Photo credit: Ben Watson
We broke audience records for our Allentown concert on Saturday, and many brave souls defied the weather for Sunday’s program in Bethlehem, and I would be willing to bet that members of the audience were glad they did! The 2013 Christmas Concerts are now hopefully very happy memories for all who attended. They certainly are for the performers.
The arc of the program brought to mind Robert Shaw’s and Robert Russell Bennett’s epic arrangements of The Many Moods of Christmas, though I believe that Greg Funfgeld’s programming cast a much wider net. Here, the moods tended toward a far greater sense of intimacy, of sharing the Incarnation Narrative from many perspectives, and through the lens of many cultures. Many of the carols were deeply-familiar, though, in this particular order, they seemed ever more full of nuance and the interplay between texts was quite striking.
It’s extremely rewarding to dig into one of the major works for a Christmas Concert, say, the Christmas Oratorio, or, perhaps, the trumpets and drums works of BWV 63 or 110. It was equally rewarding to dig into the more familiar texts of Christmas carols, to partake of their view across centuries, and even into the future. Greg had intended the program book to be a kind of keepsake, a collection of some of the great poetry of the nativity. I know I’ve revisited several of the texts in the days since the concert and pondered their richness.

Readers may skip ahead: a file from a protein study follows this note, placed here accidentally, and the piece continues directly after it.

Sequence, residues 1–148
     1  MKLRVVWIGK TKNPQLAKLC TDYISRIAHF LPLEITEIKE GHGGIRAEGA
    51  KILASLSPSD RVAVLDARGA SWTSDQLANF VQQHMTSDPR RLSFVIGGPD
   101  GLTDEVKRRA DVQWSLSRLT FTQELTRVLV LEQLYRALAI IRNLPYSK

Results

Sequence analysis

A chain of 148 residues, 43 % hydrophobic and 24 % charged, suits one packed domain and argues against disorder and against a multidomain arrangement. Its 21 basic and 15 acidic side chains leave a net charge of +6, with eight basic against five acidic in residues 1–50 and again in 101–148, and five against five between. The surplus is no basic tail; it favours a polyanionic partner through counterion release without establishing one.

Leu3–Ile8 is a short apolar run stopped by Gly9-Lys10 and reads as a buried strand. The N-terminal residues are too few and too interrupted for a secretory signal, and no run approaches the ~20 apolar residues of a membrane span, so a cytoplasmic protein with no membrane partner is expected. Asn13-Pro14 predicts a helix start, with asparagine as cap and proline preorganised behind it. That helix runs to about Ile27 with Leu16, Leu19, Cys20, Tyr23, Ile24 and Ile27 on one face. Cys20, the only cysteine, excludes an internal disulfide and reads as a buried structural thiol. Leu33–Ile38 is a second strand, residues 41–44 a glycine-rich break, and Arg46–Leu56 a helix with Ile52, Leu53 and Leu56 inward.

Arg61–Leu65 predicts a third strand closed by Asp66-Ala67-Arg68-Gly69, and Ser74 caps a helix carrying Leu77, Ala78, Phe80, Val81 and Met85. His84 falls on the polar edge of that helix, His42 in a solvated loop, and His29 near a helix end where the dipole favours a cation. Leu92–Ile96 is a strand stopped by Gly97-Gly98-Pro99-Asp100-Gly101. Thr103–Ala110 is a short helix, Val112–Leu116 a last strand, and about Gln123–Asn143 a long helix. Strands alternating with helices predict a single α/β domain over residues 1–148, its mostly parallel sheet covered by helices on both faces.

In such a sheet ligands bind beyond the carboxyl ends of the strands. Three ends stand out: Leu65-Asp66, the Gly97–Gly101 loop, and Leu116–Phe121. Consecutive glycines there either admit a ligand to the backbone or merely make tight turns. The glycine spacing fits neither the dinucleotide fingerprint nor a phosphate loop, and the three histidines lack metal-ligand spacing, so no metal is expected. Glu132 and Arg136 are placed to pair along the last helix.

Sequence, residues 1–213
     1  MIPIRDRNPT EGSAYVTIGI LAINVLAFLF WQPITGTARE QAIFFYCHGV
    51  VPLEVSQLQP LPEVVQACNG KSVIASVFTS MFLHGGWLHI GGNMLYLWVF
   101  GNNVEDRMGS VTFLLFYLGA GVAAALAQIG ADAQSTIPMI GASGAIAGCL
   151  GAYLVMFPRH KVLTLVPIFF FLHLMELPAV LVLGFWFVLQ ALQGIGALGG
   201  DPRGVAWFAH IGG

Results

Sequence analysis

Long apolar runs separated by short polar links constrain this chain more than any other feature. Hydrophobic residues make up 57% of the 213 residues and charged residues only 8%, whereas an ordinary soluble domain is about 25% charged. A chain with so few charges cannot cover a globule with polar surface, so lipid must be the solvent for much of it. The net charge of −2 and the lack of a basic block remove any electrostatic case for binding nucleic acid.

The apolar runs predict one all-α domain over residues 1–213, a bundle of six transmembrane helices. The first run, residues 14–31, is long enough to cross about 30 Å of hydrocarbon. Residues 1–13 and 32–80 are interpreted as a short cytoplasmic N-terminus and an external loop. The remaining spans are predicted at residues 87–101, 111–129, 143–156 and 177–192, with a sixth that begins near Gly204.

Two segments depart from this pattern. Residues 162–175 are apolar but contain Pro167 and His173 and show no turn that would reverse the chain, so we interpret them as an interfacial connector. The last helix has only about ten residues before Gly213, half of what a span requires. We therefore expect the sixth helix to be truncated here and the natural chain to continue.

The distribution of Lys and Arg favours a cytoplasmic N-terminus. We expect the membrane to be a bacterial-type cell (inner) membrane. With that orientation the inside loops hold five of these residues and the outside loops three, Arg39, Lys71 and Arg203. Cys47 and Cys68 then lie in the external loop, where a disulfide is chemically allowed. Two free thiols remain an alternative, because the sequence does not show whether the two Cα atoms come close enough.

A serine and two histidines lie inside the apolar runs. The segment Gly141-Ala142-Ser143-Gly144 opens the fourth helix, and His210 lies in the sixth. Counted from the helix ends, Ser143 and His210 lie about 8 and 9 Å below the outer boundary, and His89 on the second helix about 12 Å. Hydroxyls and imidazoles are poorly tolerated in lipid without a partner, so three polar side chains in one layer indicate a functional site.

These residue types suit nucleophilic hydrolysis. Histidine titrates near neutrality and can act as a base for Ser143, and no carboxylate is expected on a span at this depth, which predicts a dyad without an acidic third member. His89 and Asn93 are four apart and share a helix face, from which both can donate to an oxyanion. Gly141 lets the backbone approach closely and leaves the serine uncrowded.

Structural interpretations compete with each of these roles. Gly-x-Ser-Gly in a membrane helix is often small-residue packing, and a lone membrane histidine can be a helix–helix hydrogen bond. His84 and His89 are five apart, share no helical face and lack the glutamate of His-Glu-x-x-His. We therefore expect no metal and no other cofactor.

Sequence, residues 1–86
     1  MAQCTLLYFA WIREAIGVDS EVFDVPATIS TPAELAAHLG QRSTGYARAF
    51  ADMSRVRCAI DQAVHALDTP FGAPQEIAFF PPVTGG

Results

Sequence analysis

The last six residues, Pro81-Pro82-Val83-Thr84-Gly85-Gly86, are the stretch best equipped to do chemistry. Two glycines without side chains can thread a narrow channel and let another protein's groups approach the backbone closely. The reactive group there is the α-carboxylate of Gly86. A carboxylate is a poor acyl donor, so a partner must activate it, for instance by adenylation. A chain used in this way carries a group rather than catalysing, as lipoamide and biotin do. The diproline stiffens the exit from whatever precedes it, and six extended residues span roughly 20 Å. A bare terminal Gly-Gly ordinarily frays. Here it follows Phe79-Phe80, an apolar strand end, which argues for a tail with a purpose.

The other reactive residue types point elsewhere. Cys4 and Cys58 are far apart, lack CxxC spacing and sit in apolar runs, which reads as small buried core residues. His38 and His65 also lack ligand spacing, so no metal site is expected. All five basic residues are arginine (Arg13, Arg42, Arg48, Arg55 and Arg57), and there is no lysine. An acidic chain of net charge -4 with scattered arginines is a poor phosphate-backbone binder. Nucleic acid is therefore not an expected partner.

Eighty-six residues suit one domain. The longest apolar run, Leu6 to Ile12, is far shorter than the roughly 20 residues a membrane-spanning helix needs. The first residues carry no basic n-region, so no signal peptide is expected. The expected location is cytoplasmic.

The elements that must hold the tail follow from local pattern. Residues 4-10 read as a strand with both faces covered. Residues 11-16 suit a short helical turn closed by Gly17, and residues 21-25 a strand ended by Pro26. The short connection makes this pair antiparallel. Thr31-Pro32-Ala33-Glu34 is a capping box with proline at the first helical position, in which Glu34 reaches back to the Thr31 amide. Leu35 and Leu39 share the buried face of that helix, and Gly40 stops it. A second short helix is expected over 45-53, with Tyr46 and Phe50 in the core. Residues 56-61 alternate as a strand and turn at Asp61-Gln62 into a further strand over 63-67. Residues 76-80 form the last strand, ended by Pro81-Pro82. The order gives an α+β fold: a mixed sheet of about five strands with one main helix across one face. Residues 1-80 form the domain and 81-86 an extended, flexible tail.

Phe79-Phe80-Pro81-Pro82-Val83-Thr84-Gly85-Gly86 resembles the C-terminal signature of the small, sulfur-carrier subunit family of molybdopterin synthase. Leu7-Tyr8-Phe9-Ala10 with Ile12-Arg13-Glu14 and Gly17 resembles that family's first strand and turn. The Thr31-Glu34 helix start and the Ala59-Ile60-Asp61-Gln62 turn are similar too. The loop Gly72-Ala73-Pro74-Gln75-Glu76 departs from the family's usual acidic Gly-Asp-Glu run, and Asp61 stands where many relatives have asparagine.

The work of a few individuals stands out: Beth Allen Gardner’s lovely singing of the first verse of Elizabeth Poston’s Jesus Christ the Apple Tree, was deeply moving (particularly given the exposure of singing by herself from the galleries). Tom Goeman’s accompanying on both organ and piano was full of nuance and color. The pianists and organists in The Choir always are humbled by his preternatural skill at coaxing the most musicality, articulation, and color out of every note he plays. It’s humbling, but also inspiring. The polyrhythms from Chris Hanning and his student on the Nigerian processional, Betelehemu, were thrilling and full of ever-evolving variety. Finally, at the helm, our intrepid leader, Greg. His ability to shape words, vocal colors, articulation, and evoke performances of emotional depth, powerful spirituality, and visceral excitement always astounds. As beautifully as he shaped the design of the program, equally beautiful was the way he brought it to life, with great sensitivity and engagement. I left Sunday’s performance strangely energized (after a long weekend of singing, and an even longer day of making music), and some grinchitude that had been creeping into my psyche had been rather powerfully exorcised.
Phil Metzger seems to have enjoyed the performance.
There’s much, much more to come in the New Year: the world premiere of our new children’s opera, Young Meister Bach, Haydn’s epic Creation, the continuation of our pairing of Mozart and Bach at Bach at Noon, and a really stunning Festival program, including an exploration of the intersection of healing and music in the works of JS Bach and his son, CPE!